Europe’s antitrust chief dismissed Friday accusations of anti-US bias over her decision to go after Google Inc. for abusing its dominance of internet search and Apple Inc. over an Irish tax deal, Reuters reported.
European Competition Commissioner Margrethe Vestager’s robust defense of her actions came after she was criticized in the US media for a spate of cases opened over the past year against US giants such as Google, Apple, Amazon.com Inc. and Starbucks Corp.
Some critics have accused EU regulators of seeking to protect European companies from US competitors.
Vestager rejected the criticism, saying the nationality of companies played no role in her assessment.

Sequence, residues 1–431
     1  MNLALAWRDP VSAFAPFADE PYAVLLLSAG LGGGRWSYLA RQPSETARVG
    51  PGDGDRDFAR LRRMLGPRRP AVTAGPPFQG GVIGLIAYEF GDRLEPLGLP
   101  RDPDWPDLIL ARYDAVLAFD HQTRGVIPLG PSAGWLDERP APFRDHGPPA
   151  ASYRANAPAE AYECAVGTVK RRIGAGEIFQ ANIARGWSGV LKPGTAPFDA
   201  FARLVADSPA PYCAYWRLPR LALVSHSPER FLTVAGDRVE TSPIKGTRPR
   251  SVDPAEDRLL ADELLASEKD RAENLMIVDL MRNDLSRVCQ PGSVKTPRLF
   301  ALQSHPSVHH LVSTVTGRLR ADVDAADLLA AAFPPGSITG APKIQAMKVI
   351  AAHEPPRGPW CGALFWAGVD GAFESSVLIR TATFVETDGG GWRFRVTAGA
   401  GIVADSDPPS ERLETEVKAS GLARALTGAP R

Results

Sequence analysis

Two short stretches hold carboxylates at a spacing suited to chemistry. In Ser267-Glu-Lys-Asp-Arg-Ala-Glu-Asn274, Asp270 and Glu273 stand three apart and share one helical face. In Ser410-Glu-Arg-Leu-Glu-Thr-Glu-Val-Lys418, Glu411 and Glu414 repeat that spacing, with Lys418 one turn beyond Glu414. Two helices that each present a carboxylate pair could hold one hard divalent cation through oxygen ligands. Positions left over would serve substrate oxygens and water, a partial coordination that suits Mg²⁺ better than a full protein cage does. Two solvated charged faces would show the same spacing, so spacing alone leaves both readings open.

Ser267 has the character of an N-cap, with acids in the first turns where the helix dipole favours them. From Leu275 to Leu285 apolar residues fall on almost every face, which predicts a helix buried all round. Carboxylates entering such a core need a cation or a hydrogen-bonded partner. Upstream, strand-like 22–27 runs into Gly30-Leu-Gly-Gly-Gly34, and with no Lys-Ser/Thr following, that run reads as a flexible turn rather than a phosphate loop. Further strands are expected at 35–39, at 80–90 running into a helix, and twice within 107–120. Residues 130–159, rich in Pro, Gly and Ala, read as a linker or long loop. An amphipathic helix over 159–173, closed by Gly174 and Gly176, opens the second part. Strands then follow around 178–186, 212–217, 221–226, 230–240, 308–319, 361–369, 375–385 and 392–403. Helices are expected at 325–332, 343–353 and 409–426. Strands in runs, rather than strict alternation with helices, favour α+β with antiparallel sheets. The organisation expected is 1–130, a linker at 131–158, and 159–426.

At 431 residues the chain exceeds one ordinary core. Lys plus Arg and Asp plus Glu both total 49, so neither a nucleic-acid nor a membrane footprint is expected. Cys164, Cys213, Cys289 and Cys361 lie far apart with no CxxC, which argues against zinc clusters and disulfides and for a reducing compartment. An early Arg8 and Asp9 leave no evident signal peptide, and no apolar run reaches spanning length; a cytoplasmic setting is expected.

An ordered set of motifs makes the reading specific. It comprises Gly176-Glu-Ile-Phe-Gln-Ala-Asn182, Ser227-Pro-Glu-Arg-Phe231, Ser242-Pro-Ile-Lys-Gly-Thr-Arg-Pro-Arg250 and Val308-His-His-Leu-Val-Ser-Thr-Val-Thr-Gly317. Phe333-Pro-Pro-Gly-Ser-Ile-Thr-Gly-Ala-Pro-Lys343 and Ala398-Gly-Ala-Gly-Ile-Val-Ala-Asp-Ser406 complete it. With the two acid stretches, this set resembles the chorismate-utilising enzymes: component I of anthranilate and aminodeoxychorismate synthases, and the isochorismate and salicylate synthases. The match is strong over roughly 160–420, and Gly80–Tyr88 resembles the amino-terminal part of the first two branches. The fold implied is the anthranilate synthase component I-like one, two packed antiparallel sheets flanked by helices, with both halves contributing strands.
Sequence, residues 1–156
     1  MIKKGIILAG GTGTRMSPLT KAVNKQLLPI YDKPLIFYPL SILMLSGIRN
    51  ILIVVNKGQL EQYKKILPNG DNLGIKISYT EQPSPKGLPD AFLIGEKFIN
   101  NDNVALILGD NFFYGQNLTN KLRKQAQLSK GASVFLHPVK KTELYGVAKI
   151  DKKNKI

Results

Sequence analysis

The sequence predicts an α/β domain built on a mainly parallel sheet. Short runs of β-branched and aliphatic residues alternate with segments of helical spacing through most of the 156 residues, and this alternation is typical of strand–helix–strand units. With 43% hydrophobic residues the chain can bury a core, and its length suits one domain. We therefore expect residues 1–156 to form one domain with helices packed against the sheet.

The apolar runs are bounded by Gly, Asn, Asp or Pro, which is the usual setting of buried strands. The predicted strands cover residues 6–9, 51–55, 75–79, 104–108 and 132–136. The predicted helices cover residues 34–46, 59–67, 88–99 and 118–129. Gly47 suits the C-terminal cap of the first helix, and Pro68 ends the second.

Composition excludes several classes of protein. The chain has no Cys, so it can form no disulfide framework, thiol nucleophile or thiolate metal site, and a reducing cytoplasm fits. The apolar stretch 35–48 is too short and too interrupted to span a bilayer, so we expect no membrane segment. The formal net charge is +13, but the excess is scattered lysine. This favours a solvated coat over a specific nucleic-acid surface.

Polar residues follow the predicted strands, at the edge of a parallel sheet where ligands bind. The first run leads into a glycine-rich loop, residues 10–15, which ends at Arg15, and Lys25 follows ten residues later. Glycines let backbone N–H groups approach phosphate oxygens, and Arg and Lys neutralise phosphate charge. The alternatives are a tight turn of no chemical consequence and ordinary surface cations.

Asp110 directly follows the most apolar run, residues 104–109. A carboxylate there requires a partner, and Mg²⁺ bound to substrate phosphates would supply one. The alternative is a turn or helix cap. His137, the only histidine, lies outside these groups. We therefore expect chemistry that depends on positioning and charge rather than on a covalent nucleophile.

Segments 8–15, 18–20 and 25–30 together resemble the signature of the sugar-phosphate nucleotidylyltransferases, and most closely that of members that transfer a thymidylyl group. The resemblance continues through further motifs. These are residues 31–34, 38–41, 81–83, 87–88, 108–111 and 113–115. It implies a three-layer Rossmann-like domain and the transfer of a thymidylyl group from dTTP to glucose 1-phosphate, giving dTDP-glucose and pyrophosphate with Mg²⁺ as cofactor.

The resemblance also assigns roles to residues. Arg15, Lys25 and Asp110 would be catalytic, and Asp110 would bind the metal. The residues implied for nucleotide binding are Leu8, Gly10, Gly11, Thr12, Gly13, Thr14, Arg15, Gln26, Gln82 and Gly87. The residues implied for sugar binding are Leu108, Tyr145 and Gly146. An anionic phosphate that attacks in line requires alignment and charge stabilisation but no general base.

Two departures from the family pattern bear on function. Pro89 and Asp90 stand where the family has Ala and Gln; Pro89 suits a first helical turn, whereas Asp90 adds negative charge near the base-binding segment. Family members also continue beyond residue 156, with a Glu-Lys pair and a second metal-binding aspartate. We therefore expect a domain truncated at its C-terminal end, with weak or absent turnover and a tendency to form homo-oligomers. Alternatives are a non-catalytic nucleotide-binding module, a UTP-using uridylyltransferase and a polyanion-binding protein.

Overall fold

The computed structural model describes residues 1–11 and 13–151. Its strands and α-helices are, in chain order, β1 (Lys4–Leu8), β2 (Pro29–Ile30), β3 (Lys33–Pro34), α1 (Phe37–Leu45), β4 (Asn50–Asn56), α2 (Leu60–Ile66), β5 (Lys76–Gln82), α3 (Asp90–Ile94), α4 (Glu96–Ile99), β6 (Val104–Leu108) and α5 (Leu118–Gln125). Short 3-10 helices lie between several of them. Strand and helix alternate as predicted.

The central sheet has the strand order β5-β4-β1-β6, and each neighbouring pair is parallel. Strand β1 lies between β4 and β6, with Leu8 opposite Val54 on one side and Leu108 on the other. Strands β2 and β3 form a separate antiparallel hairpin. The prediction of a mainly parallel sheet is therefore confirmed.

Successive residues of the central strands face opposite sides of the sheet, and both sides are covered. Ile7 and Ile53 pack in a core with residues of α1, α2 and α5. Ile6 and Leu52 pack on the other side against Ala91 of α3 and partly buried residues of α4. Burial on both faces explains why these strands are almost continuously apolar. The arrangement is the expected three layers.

“Yes, US companies are often involved when we investigate the digital industry. But you will also see many Japanese firms in our car-part cartel cases,” she said in the text of a speech to be delivered at the Foreign Policy Association in New York.
The European Commission is now studying Google’s response to antitrust charges of favoring its Google Shopping service over rivals. It is also investigating the company’s popular Android operating system for smartphones.
Amazon is in the EU’s crosshairs for a Luxembourg tax deal and Starbucks for a Dutch tax arrangement.
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